There was a demonstration out on the National Mall yesterday. It looked like "back to the future," complete with The Fonda, the peace symbol "thingy" and a pronounced aura of tie-died togetherness. One could almost smell the tear gas. This was interesting but largely irrelevant, largely, but not altogether. The demonstration was, on balance, probably counter-productive if the objective was to modify American policy in Iraq. The "resurrection" of the highly polarizing symbols and personalities of past internal conflict is, I think, a foolish thing. What could be more likely to alienate the majority of Americans than such a display? Most of the people that have to be convinced of the errors of American policy in the Middle East do not like Jane Fonda. Doesn’t "moveon.org" or whomever sponsored the event, know that?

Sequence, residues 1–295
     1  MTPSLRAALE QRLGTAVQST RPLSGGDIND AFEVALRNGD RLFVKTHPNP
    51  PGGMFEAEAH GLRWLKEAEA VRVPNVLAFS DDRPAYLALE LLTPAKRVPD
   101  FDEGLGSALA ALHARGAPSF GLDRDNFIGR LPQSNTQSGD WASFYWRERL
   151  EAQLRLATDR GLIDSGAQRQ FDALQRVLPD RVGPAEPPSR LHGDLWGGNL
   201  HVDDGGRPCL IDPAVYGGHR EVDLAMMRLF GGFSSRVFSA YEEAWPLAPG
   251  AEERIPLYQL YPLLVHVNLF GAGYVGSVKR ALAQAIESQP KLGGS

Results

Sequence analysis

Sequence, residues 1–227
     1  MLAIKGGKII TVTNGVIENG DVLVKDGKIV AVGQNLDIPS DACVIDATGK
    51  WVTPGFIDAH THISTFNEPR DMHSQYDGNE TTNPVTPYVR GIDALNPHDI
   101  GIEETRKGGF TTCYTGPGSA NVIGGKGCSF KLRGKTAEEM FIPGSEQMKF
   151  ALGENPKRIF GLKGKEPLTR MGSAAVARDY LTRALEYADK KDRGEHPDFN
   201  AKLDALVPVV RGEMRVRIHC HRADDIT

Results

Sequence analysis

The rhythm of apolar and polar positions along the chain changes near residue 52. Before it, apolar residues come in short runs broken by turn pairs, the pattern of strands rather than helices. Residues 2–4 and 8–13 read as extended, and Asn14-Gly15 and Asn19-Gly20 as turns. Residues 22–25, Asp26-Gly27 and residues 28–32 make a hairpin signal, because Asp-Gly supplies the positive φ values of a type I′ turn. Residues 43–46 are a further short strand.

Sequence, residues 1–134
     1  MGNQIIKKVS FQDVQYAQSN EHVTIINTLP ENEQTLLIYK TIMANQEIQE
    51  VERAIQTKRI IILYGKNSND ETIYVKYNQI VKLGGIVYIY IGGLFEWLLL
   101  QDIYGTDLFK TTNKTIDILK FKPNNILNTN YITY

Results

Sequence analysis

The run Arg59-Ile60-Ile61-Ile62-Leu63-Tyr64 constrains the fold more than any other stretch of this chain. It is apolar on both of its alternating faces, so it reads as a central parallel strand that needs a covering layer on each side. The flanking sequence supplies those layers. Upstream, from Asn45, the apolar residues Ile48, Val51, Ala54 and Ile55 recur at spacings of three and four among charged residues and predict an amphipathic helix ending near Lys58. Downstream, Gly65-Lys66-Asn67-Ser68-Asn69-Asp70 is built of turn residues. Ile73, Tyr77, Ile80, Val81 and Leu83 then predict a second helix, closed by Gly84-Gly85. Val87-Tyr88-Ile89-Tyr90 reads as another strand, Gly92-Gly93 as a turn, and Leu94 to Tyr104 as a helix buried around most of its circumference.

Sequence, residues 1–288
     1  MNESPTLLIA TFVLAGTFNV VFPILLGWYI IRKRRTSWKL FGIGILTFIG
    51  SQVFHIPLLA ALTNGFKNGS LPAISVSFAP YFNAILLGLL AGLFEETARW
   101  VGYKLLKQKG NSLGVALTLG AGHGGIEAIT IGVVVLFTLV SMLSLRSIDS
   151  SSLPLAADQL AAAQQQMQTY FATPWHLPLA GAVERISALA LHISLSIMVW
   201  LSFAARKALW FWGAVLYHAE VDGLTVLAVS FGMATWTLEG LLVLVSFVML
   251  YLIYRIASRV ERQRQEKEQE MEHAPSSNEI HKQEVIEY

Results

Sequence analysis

The American electorate is moving steadily to the opinion that the Bush/Vader Administration has followed a ruinous course in Iraq. That consensus, when it is decisive in strength, will change US policy for good or ill.
Leading that shift in opinion are men who lived Vietnam, lived it in the raw, savage, sweaty war in the field or lived it then, and now, in the knowledge of their responsibility.
Hagel, Webb, John Warner, and ultimately John McCain, are examples of the men who are stricken to their core by the memory of that time and the vision of war without end that is the looming legacy of this administration. These are the men who will lead America out of the wasteland. pl